Reconciliation or Power Struggle?: On the Consecration of the Chapel in Skibotn in 1931
2009 (English)In: Journal of Northern Studies, ISSN 1654-5915, no 1, 55-68 p.Article in journal (Refereed) Published
In the inter-war period there was a massive Norwegianization campaign in the northern parts of Norway. This campaign was a result of the ideology of nationalism as well as the fact that Norway recently had received its full independence and regarded a border security policy in the north as necessary. Since Finland had received its independence in 1917, some nationalist organizations in Finland wanted to expand the Finnish territory northwards to the Arctic Ocean. The ethnic aspect of this conflict was that a Finnish speaking minority, the Kvens, had settled in Northern Norway. Norwegian central authorities feared that the Kvens would feel a stronger loyalty towards Finland than Norway.
Religion was a central aspect of this conflict with implications for minority and security policy issues. On one hand the National church was regarded as a nation building tool by the state in the ethnically mixed northern border regions. On the other hand many of the Kvens, as well as the Sami, adhered to the pietistic and puritan Laestadian revival movement which was critical towards the National church. Although the Laestadians were officially members of the National church, the movement had their own assemblies and independent religious structures.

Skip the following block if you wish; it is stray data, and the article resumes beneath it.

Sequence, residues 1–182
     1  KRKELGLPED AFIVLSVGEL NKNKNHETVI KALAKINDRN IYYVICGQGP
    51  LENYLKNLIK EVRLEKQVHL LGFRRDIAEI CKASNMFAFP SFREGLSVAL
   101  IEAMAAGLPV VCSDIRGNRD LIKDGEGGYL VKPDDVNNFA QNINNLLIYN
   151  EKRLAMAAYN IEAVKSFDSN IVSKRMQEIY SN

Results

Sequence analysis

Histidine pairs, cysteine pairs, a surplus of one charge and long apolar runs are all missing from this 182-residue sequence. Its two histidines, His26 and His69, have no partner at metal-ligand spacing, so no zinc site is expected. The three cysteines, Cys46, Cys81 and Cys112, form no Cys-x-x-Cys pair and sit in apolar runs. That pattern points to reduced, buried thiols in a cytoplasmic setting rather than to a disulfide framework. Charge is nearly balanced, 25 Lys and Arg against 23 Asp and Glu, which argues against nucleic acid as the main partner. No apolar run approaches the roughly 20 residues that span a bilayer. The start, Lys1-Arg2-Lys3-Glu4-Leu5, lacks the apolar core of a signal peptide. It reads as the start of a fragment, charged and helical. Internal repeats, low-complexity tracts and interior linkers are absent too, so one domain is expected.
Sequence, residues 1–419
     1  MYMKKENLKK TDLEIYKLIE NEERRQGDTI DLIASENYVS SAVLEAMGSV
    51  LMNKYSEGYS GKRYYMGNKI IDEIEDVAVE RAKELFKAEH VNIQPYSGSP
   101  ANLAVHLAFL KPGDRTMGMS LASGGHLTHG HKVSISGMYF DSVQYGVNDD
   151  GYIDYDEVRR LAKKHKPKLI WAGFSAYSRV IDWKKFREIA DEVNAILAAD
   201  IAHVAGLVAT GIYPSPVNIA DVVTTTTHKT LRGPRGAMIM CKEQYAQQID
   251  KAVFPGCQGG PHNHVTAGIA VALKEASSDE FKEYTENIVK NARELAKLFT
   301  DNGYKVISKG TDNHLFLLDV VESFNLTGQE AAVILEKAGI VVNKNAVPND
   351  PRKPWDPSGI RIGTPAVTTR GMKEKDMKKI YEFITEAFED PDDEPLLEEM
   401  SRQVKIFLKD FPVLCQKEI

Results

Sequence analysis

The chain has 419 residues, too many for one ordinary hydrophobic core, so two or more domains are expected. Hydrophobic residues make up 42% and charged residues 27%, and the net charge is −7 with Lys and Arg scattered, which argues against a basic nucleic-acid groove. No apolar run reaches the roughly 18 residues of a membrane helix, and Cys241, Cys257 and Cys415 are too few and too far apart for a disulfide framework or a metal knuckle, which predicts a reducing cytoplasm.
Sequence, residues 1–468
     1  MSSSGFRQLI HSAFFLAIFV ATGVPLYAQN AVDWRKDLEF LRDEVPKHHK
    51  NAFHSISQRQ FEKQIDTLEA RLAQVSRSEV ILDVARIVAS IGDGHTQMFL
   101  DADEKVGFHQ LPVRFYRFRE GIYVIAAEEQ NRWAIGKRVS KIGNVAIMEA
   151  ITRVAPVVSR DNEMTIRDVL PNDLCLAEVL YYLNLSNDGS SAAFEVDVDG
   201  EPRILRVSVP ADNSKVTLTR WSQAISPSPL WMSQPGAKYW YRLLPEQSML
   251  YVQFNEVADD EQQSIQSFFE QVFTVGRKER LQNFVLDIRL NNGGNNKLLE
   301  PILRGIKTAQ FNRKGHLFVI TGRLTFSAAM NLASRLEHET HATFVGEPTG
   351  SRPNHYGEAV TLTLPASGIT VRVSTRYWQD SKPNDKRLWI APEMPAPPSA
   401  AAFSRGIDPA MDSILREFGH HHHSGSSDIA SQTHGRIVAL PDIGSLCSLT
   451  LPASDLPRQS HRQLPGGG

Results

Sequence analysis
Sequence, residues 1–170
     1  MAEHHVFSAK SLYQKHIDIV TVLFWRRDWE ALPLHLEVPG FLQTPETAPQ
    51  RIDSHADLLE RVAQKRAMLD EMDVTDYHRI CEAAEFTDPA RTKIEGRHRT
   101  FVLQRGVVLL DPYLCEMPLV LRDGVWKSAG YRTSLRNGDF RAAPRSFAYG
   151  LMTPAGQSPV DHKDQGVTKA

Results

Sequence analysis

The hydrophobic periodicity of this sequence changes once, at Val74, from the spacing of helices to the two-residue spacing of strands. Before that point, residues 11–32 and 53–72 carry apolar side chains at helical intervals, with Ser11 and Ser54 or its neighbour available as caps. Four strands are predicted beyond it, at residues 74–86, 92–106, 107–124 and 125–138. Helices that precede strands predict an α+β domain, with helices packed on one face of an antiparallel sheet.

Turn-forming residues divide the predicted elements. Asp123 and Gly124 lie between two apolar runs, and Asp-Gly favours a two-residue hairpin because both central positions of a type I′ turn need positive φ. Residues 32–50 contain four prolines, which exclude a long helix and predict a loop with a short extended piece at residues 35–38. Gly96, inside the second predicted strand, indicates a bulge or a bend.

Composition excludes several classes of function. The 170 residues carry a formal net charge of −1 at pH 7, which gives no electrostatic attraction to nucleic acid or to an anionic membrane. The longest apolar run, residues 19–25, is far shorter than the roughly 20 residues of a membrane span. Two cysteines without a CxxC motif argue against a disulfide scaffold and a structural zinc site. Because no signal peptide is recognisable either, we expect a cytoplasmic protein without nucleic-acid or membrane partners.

In this article I discuss the National church and the Laestadian movement in the light of nation building and minority policy in the northern borderland of Norway.
Place, publisher, year, edition, pages
Umeå: Umeå University & The Royal Skyttean Society , 2009. no 1, 55-68 p.
Laestadianism, Kvens, Bishop Berggrav, Erik Johnsen, Norwegianization
IdentifiersURN: urn:nbn:se:umu:diva-43259OAI: oai:DiVA.org:umu-43259DiVA: diva2:412586